The World was Shaken

On September 14, 2015, both the scientific and physical worlds were shaken - literally! Did you also feel torn? Probably not, because that would be like being able to feel someone on the other side of the world stomping their foot on the ground. What had happened? Due to the merger of two black holes at a distance of 1.3 billion light years a gravitational wave captured our Earth for 0.2 seconds. And for the first time, such a wave - predicted by Einstein's general theory of relativity - was experimentally detected on Earth by Project LIGO (Laser Interferometer for Gravitational Wave Observation). The Nobel Prize in Physics was awarded for this achievement in 2017.

For the elaborate detection of such large-scale extraterrestrial events, the signals must always be detected by two detectors simultaneously. Localization actually requires detection at three locations. In fact, four detectors are needed to cover all points of the compass. Therefore, work is being done worldwide to build up a network of detectors to detect even more of these events and to be able to make a more precise statement about their causes and origin. The latest child of this scientific effort is the LIGO India detector, the fifth in the world.

The first gravitational wave has led to a short distortion of the earth by about one trillionth in its extension. This unimaginably small change in length corresponds to a change in the Earth-Sun distance of 150 million kilometers by an atomic diameter of about 100 picometers. To measure such small changes in length, very sensitive interferometers are used. These measure the superposition of two crossed laser beams, each of which is reflected by a mirror at a distance of up to 4 kilometers. Even the smallest fluctuations in the mirror positions can thus be detected. To achieve the required sensitivity, these beams must be guided in a vacuum, because only here is the speed of light constant enough without the disturbing influence of thermal and atmospheric fluctuations.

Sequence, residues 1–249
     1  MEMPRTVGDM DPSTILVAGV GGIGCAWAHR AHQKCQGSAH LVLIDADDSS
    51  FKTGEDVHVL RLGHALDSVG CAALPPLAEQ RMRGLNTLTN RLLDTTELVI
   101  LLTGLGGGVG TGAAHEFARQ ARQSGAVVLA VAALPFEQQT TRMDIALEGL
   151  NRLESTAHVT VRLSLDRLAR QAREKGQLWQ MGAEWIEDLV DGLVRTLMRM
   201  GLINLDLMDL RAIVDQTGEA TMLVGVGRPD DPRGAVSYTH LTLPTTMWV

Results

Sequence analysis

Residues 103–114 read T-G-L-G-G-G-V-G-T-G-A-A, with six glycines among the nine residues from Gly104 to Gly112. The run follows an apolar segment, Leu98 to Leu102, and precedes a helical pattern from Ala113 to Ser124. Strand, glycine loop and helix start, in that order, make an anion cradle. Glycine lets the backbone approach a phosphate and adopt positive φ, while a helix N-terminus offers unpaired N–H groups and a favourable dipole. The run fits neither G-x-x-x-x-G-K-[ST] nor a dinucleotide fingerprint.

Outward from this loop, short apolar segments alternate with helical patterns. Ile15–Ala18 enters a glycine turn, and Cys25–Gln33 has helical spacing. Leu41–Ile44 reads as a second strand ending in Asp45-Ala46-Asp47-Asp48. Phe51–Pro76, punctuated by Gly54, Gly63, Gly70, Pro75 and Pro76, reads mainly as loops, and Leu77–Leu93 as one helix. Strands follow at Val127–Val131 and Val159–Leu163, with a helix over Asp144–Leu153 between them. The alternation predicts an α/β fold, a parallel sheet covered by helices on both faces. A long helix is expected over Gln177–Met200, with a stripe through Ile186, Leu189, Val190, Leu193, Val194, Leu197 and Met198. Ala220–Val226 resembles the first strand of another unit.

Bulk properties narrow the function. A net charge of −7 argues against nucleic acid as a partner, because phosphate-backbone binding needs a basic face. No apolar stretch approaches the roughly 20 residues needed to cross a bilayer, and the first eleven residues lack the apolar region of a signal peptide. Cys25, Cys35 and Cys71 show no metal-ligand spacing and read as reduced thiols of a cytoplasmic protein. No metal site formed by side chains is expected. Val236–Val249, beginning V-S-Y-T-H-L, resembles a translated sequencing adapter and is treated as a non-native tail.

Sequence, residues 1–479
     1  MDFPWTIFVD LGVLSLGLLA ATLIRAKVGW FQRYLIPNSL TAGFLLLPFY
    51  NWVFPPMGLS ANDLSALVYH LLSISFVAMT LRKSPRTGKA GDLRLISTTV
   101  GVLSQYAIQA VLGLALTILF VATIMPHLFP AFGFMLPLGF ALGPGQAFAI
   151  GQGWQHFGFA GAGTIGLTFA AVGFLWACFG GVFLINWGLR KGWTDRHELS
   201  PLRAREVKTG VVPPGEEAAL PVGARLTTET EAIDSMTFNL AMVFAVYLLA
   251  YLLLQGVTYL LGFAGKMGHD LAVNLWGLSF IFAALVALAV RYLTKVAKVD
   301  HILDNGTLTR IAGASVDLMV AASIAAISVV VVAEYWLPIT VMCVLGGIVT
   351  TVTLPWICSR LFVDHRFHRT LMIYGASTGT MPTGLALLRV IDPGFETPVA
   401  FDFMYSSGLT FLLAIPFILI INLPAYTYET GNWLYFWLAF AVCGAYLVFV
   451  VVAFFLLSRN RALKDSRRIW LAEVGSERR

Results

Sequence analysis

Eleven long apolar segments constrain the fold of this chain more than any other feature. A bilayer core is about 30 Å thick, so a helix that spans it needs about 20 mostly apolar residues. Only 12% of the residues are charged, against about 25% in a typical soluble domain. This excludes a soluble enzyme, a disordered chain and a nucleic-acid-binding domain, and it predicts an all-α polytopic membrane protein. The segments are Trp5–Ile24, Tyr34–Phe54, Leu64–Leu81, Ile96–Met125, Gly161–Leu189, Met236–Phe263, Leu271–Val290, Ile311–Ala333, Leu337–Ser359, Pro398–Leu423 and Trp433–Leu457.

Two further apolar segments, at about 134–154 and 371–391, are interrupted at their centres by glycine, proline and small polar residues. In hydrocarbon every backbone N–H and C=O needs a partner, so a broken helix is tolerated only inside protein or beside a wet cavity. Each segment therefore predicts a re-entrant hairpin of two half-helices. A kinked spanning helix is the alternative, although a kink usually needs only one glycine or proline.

Scientists at the Indian Institute for Plasma Research (IPR) designed LIGO's vacuum system. The challenges are great: the laser beams must be guided in ultrahigh vacuum (UHV) tubes of 1.2 meters in diameter. This is roughly equivalent to a vacuum volume of three competition swimming pools, making it one of the largest vacuum systems in the world. Nevertheless, operation should require only short maintenance intervals and pump-down times in order to always have as many detectors as possible ready for use worldwide at the same time.

VAT Solves Vacuum Challenge of the Lgest Dimensions

VAT has already accompanied the development of the first LIGO in the USA in the design of the vacuum system. With large vacuum systems, segmentation into smaller separable volumes is essential. Only then can maintenance and repairs be carried out in a targeted manner in the affected areas, while keeping the rest of the system clean in the UHV.

"Based on the positive experience of US colleagues with VAT valves, the IPR contacted me back in early 2021," recalls Suman Kundu of Lawrence & Mayo, VAT's sales representative for vacuum components in India. "I knew that only VAT could supply such large valves with the desired quality and purity."

"It quickly became clear that the large DN 1250 HV gate valve of the 19.2 series best met the requirements set," explains Jürg Öhri, Sales Manager at VAT. "It is specified for the UHV range and the patented VATLOCK technology allows reliable closing with low force. This makes the high opening diameters of 1250mm or even more possible in the first place."

But LIGO India's requirements went beyond this. "In order to be able to use the valve in ultra-high vacuum, we wanted to ensure that no residual gases from the elastomer seals contaminated our system and that all components could be baked out to at least 150°C," clarify the vacuum specialists from IPR. But VAT was able to help here as well: Through an explicit residual gas analysis of all delivered valves, their purity could be proven beyond doubt, even up to 170°C bakeout temperature. The bakeout substantially shortens the pump-down times to UHV. In addition, the valve actuator was modified to meet customer requirements.

A Success Story of Cooperation

The LIGO India is currently under construction and the first VAT valves are already being delivered for it.

"We are very grateful to VAT for their technical know-how and flexibility in responding to customer-specific requests," says Suman Kundu, summarizing the experience gained from the project. "Through Lawrence & Mayo as a local partner on site, we were able to place our requirements in the right places at VAT at an early stage."

"The cooperation with IPR and Lawrence & Mayo was excellent and very efficient from the beginning. This way, it is easier for us to find a good solution for each specific requirement," Jürg Öhri sums up. "In the end, it's these passionate projects from the international research community that drive us. Because we, too, want to know what makes our world go round."